summer wool gathering

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A couple of weeks ago we made another field trip to a local sheep farm, Bovidea Farm, with some good friends tagging along.  The last time we visited it was December and the ground was dusted with snow so it was delight to see the farm in the summer foliage.  The sheep had just recently been shorn and their fleeces have been sent off to the mill.  Farmers Jim + Rose were in good health and cheerful, welcoming our big gaggle of children and abounding in knowledge to share.  I had hoped to purchase a good bit of yarn to dye naturally and be able to share with you all in my little etsy shop.  This time around I decided to purchas a small quantity to see how I like dyeing with it, and what your interest in it might be.  I knitted Phoebe a flax sweater in the worsted weight yarn, and I knit my Tales from the Isle of Purbeck shawl in the sport weight, as well as the shiftalong hat.  I really love their wool, it is very sheepy, rustic and springy.  I am hoping to knit a nurtured sweater for myself in it soon!  The only place to purchase their yarn is by visiting Jim and Rose’s farm yarn store, but Jim was graciously willing to allow me to play around with dyeing and selling it so that others of you can access it also!

Phoebe, Noah and Philippa all wanted to use some of their own spending money to buy themselves each a skein of yarn.  Phoebe set right to work knitting hers up and bound off her first finished object by the next day.  She made a cape for her doll, Kaya.  Noah is working on making a green scarf for one of his animals, and I believe Philippa is also.  It is quite dear to this mama’s heart to see them catching my love for wooly things, however long it lasts.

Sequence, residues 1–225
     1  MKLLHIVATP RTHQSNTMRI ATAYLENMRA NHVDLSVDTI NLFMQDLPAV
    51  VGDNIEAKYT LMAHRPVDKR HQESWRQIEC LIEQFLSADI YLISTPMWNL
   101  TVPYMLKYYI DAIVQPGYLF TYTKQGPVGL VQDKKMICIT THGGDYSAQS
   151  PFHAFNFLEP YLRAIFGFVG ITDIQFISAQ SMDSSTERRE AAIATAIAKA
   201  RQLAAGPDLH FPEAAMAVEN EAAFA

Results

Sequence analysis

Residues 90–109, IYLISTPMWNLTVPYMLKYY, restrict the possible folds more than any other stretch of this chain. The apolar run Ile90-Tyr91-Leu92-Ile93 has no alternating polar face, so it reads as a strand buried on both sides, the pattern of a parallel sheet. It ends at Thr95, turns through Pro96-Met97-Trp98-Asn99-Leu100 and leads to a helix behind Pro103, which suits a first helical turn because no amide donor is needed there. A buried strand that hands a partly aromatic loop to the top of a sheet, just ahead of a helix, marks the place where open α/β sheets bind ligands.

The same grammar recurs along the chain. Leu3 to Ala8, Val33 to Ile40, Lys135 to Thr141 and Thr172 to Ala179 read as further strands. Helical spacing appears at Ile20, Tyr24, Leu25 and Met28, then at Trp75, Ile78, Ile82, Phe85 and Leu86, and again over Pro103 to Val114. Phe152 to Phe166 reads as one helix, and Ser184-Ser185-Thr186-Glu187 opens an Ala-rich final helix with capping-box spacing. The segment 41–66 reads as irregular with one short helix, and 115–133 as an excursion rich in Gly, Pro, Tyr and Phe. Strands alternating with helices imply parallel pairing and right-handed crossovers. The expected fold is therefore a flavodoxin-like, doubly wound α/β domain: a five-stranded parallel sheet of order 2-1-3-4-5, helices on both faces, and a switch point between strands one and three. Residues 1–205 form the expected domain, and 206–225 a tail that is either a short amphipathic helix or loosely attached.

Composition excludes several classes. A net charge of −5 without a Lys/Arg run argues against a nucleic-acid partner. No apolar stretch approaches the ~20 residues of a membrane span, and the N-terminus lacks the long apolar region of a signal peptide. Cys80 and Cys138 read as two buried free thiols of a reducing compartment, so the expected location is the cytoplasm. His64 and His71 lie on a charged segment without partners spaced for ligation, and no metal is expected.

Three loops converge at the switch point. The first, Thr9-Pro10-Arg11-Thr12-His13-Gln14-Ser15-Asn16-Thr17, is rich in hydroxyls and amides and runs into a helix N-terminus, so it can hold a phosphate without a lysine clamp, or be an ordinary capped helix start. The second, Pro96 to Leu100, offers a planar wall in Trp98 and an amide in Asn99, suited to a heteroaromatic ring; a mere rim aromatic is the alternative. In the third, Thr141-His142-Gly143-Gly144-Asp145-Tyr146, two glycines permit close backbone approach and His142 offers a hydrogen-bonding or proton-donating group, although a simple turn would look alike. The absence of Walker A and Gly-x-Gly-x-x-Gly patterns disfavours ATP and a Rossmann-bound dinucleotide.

After leaving Bovidae we went to visit Echoview Fiber Mill since it was just 10 minutes down the road.  We picnicked in the grass there and then did a short mill tour.  It was neat to see the process of milling the fleeces, and I was happy to purchase a couple skeins of their lapidary base to try.  Their yarn shop had so many treats and lovely things in it, and one can’t help but admire their passion for caring for the earth, sustainability, and natural dyeing.  There were a couple of women processing dried indigo on the patio by the front door, many beautiful samples of sweaters, hats, and shawls to try on, and all manner of beautiful, useful objects.  The children were quite wiggly at that point and it would probably be more enjoyable to go back next time without them.

Now I’m doubting myself for attempting to dye and sell such a small quantity of yarn, and with all the heat here lately I haven’t been inspired to dye.  But I’m hoping the inspiration will strike and that some of you may be interested in trying out this special wool.

a visit to Bovidae Farm

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You guys.  I am so excited to share a little about this beautiful local sheep farm we visited a couple of weeks ago.  The last weekend of October is the big Southeastern Animal and Fiber Festival (SAFF) in our town, and literally I was planning on going to spend my yarn dollars at one booth only, the Bovidae Farm booth.  My friends and I were all super bummed when we realized they weren’t at the festival and made plans to visit the farm instead (because you can only otherwise purchase their yarn at their farm).